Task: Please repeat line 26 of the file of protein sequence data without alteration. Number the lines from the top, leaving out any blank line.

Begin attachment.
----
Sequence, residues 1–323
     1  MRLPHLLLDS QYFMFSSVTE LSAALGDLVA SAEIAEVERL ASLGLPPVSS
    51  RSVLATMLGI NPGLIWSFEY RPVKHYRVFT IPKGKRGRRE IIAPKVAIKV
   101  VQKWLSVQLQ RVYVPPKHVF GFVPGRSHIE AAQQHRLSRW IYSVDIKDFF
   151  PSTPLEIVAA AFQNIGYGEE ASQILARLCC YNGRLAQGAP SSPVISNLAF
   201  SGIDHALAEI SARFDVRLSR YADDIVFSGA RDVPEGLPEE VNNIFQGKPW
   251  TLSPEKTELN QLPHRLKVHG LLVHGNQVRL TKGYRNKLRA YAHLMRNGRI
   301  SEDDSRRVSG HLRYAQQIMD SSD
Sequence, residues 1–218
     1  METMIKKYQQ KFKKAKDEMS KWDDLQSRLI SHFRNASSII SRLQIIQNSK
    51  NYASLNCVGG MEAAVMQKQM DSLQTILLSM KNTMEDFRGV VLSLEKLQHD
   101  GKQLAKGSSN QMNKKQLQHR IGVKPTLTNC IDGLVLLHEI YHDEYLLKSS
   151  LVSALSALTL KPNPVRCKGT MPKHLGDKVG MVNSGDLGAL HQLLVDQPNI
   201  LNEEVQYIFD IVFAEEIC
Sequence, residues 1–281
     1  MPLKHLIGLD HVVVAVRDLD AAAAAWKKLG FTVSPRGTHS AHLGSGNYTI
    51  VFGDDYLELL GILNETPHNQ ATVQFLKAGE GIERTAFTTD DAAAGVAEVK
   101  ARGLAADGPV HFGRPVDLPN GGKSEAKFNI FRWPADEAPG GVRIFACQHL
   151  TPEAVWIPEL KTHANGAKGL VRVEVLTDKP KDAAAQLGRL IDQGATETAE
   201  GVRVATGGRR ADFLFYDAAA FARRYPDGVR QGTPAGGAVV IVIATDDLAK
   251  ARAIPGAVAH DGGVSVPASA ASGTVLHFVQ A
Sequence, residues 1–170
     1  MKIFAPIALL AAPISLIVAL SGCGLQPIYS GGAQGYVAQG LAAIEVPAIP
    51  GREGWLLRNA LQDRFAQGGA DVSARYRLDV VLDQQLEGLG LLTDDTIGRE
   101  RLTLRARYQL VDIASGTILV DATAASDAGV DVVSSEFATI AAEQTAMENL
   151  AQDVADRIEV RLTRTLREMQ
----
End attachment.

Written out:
   151  AQDVADRIEV RLTRTLREMQ